In the 1990s, Coles led a program for Harvard students involved in summer PBHA activities which combined literary readings and seminar discussions to give participants the chance to reflect on their volunteer experiences.

"He added the missing reflective component to the program," Johnson said. "You can't be a good human servant unless you have a conception of the milieu in which you are serving."

Johnson, a former senior tutor of Adams House, said that Coles--an associate of Adams House--has made incomparable contributions to Harvard.

"There is no one like him at the College--that is the most clear way to put it," Johnson said. "An incredible human being, a masterful teacher--he is one of the most popular professors to ever grace the College, with good reason."

Other recipients of this year's award include: Brooke Astor, the New York philanthropist; Justin Dart, Jr., considered the father of the Americans with Disabilities Act; Albert Shanker, the president of the American Federation of Teachers; and Wilma Mankiller, who became the first women to be elected as the leader of an American Indian tribe.

Past recipients of the Presidential Medal of Freedom include former Senator Bob Dole, former surgeon general C. Everett Coop, A. Leon Higginbotham, Jr., public service professor of jurisprudence at the Kennedy School of Government, Eugene Lang, founder and chair of the "I Have a Dream" Foundation and Joan Ganz Cooney, the creator of "Sesame Street.

"He has been tremendously influential in many domains throughout his career," said Jerome T. Murphy, dean of the GSE. "Each year there is a long line to enroll in his courses because he is so popular. He knows so much about kids, particularly kids who are dealing with poverty and who are at risk. He demonstrates such compassion and passion in his teaching."

Murphy added that Coles is a suitable candidate for the honor because of the emphasis he has placed on the need for increased public service.

"What strikes you most is how deeply committed he is to social justice and how deeply committed he is to telling the story of ordinary people and the traumatic situations they face," Murphy said.

Gregory A. Johnson '72, former Phillips Brooks House Association (PBHA) director, agreed with Murphy, citing Coles' commitment to student-run volunteer programs.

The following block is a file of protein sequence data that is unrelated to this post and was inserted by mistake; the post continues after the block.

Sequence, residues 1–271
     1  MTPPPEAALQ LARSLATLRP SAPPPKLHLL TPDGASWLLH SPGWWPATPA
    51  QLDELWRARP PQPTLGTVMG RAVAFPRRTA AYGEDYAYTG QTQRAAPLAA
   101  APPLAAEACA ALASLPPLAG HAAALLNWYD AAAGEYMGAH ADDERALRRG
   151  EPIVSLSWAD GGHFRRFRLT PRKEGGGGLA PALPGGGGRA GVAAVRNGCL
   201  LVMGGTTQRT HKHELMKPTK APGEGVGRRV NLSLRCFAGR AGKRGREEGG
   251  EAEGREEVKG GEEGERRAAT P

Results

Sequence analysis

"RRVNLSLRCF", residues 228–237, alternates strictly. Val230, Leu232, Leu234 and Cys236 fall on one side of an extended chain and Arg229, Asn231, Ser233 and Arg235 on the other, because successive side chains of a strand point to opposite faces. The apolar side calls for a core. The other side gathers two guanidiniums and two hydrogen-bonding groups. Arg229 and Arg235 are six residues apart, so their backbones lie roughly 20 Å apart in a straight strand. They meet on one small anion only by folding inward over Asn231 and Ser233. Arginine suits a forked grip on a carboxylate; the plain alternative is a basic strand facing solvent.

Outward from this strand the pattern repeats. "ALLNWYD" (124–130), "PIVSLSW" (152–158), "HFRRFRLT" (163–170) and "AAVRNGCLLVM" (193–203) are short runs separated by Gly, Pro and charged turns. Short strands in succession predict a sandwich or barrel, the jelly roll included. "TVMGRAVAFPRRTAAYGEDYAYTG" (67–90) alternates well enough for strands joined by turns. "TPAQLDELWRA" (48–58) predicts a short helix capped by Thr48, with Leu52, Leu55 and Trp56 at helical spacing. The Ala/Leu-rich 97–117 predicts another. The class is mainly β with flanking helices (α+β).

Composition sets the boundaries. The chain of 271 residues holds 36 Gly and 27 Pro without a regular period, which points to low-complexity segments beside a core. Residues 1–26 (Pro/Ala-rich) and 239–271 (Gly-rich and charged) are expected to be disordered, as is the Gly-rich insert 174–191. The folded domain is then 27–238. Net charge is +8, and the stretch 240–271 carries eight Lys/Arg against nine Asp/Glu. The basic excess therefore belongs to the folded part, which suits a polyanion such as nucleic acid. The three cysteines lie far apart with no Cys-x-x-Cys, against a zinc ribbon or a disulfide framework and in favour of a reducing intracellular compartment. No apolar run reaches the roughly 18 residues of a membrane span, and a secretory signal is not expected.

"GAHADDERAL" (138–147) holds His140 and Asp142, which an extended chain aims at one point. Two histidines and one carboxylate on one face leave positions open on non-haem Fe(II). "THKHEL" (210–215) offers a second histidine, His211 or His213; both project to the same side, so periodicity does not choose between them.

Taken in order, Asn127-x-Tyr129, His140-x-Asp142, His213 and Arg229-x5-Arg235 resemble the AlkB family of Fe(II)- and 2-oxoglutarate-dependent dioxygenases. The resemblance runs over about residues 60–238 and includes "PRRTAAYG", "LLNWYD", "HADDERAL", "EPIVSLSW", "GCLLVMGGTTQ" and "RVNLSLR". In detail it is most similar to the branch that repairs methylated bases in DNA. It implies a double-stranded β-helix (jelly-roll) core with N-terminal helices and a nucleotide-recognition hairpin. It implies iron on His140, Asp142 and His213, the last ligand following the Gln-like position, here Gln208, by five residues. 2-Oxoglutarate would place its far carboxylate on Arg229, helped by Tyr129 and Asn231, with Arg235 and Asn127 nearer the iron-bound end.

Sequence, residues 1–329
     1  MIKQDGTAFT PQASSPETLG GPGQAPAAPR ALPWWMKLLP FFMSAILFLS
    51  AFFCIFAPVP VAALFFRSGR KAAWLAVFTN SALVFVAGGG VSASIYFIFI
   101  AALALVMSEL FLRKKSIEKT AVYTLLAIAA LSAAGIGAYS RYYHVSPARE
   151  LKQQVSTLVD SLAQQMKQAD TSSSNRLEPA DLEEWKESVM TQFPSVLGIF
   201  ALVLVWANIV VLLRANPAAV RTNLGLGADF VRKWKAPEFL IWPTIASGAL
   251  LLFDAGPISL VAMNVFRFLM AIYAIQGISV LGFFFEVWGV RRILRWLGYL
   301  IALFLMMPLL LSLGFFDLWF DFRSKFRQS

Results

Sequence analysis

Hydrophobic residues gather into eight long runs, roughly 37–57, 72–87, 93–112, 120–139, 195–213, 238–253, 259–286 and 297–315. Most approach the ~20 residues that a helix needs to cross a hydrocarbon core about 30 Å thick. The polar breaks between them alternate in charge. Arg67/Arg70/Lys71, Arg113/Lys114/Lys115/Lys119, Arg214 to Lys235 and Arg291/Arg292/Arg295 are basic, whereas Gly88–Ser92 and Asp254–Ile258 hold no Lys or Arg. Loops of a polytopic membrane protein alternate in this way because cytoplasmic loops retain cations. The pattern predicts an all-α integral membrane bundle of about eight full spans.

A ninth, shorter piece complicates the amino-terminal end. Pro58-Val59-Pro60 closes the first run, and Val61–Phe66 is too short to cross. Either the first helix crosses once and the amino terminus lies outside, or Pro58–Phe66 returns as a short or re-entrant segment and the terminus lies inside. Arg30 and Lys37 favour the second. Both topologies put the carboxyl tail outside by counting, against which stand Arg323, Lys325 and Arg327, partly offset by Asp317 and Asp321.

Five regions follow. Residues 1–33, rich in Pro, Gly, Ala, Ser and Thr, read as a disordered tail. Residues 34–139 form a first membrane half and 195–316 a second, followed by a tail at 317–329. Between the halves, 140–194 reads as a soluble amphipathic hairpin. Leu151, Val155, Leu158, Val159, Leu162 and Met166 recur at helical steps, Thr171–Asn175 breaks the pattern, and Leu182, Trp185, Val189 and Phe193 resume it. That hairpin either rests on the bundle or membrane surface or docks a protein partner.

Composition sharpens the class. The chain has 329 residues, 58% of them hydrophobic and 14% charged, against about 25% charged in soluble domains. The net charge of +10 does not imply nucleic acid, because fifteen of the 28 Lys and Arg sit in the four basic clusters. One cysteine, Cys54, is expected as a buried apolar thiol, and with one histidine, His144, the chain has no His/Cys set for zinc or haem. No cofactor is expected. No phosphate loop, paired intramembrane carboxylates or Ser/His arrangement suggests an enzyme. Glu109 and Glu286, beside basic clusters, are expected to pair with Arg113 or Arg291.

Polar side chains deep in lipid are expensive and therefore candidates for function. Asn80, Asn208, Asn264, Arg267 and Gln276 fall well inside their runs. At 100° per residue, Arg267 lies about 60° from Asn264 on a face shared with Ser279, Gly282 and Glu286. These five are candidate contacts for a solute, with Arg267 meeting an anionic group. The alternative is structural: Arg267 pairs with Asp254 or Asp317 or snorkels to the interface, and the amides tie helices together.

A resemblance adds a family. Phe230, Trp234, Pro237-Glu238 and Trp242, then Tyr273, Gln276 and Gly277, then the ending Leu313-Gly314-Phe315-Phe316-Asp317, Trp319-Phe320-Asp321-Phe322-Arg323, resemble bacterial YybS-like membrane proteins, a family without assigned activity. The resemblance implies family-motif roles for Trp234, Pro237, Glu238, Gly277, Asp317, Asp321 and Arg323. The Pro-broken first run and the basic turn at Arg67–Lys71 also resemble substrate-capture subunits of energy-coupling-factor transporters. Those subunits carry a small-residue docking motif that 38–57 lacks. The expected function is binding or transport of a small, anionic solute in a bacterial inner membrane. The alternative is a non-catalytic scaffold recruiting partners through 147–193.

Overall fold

In the 1990s, Coles led a program for Harvard students involved in summer PBHA activities which combined literary readings and seminar discussions to give participants the chance to reflect on their volunteer experiences.

"He added the missing reflective component to the program," Johnson said. "You can't be a good human servant unless you have a conception of the milieu in which you are serving."

Johnson, a former senior tutor of Adams House, said that Coles--an associate of Adams House--has made incomparable contributions to Harvard.

"There is no one like him at the College--that is the most clear way to put it," Johnson said. "An incredible human being, a masterful teacher--he is one of the most popular professors to ever grace the College, with good reason."

Other recipients of this year's award include: Brooke Astor, the New York philanthropist; Justin Dart, Jr., considered the father of the Americans with Disabilities Act; Albert Shanker, the president of the American Federation of Teachers; and Wilma Mankiller, who became the first women to be elected as the leader of an American Indian tribe.

Past recipients of the Presidential Medal of Freedom include former Senator Bob Dole, former surgeon general C. Everett Coop, A. Leon Higginbotham, Jr., public service professor of jurisprudence at the Kennedy School of Government, Eugene Lang, founder and chair of the "I Have a Dream" Foundation and Joan Ganz Cooney, the creator of "Sesame Street.